THERE is growing anticipation in beef export circles this week that China may be about to change its policies over use of hormonal growth promotants in beef, paving the way for HGP-treated beef exports from Australia to resume.
The mooted changes come in the wake of the US/China Free Trade Agreement struck in January, but will directly impact Australian exports as well.
The US Department of Agriculture recently issued an update on the implementation of the US/China Phase One trade agreement.
Agriculture Secretary Sonny Perdue said China had taken numerous actions to begin implementing its agriculture-related commitments under the two nations’ Phase One Economic and Trade Agreement ‘on schedule’.
According to the schedule set before the agreement entered into force on February 14:
- Upon implementation of the agreement: China would recognise the US beef traceability system; it would recognises FSIS oversight over US meat and processed meat facilities, and within 20 working days of receiving updated lists of FSIS approved establishments, would publish the list on the General Administration of Customs website and allow importation.
- Within 30 days: Expand access for US beef to cattle of all ages, and adopt maximum residue levels (MRLs) for growth promoting hormones.
That effectively means that from mid-March – four days’ time – China may be open to US beef imports. As part of its US agreement, China has already agreed to follow CODEX guidelines on HGP use, removed its (BSE-related) limitation on US beef from animals older than 30 months of age, and agreed to apply a blanket listing of USDA-approved beef plants for China.
A large processor source in the US suggested his company’s plants have already received their China listing.
This puts Australia at a distinct disadvantage, as only a limited number of Australian export beef plants are listed for frozen export to China, and considerably less for chilled exports. Australian beef will still retain a considerable tariff advantage over US product for the time-being, however, as covered in this earlier item.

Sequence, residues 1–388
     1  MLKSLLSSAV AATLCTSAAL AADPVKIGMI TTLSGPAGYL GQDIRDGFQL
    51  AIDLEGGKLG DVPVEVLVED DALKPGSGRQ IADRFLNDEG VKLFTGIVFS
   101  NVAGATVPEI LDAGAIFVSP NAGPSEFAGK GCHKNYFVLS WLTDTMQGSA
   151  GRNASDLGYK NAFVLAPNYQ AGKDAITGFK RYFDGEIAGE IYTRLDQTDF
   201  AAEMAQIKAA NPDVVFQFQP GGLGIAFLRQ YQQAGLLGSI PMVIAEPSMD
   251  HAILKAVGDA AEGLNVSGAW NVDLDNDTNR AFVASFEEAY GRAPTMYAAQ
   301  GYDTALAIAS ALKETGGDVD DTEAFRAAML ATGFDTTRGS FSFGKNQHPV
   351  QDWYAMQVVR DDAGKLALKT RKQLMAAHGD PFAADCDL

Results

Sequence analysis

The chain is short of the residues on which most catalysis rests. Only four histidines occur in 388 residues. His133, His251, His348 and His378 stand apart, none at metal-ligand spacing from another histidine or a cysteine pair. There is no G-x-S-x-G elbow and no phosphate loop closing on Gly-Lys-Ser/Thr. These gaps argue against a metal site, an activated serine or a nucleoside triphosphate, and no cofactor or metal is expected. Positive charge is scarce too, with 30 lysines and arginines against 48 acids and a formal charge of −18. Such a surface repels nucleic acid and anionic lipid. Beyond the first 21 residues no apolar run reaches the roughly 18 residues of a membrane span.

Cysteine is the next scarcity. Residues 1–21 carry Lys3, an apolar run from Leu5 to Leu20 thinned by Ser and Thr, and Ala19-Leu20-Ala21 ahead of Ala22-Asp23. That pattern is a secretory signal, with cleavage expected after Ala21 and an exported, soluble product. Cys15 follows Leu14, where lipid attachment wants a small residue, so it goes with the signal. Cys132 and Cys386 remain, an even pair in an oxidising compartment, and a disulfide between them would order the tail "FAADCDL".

So far, China has stuck to the timelines embedded within its phase one trade agreement commitments with the US over beef like ‘clockwork,’ Beef Central was told this morning. That’s despite some concerns that it might use the impact of the coronavirus outbreak as a reason for delaying the regulatory steps necessary for US trade access.
“We look forward to realising these benefits this year and are encouraged by progress made last week,” USDA agriculture secretary Purdue said in a recent statement. “We fully expect compliance with all elements of the deal,” he said.
Last week, China released its proposed Maximum Residue Limits on HGPs for public comment within China. These cover well known HGPs include trenbolone and zeranol, but not so-called ‘soft’ implants based on oestrodial, which it already permits.
The way the Chinese authorities have expressed their intentions (effectively, trying to replicate the CODEX maximum residue limits for HGPs), has left some translation ambiguity, which may yet need to be resolved, a trade source said.
It is widely anticipated that China will soon issue a World Trade Organisation SPS notification about its proposed changes to HGP tolerances, and a starting date. In theory, provided no objections are received, and China’s advice to the SPS is ‘black and white’, the new MRL should apply to any country exporting beef to China – not just the United States – trade sources told Beef Central this morning.
“In the bilateral agreement between Australia and China, in this matter it simply says, ‘you comply with our law’. It’s not complex, or interpretive. On face value, once China sets its MRL on HGP, all Australia has to do is comply with the regulation. It means we could be clear start exporting HGP-treated beef to China much sooner than many expect,” the trade source said.
Earlier, there was a concern that Australia may have to separately negotiate its own access agreement for HGP-treated beef to China, as the preferred nation status agreed to under the China Australia FTA covered tariff levels and adjustments only – not non-tariff barriers like food safety issues surrounding HGP use.
Implications for industry
The prospect of HGP-treated Australian beef access has significant implications for the beef industry – particularly lotfeeders – because significant adjustments have occurred in yards feeding non-implanted cattle in order to comply with China’s stance on growth promotants.
Australia voluntarily withdrew HGP-treated beef from the China market back in 2014, when it became apparent that risks would exist in trying to meet specific guidelines set by China.
Any possible approvals for HGP beef in coming weeks would take at least three or four months to work their way through the Australian feedlot system, however.
Driven by the enormous growth in beef demand out of China, HGP-free price premiums have expanded dramatically in many Australian supply chain grid offers over the past 18 months.
China was Australia’s largest beef export market by volume last year, accounting for 24pc of all exports.
While Brazil’s beef industry is HGP-free, several other South American countries exporting beef to China operate under a ‘dual system’ on HGP use similar to Australia’s, and will also benefit from China’s moves to establish MRLs.
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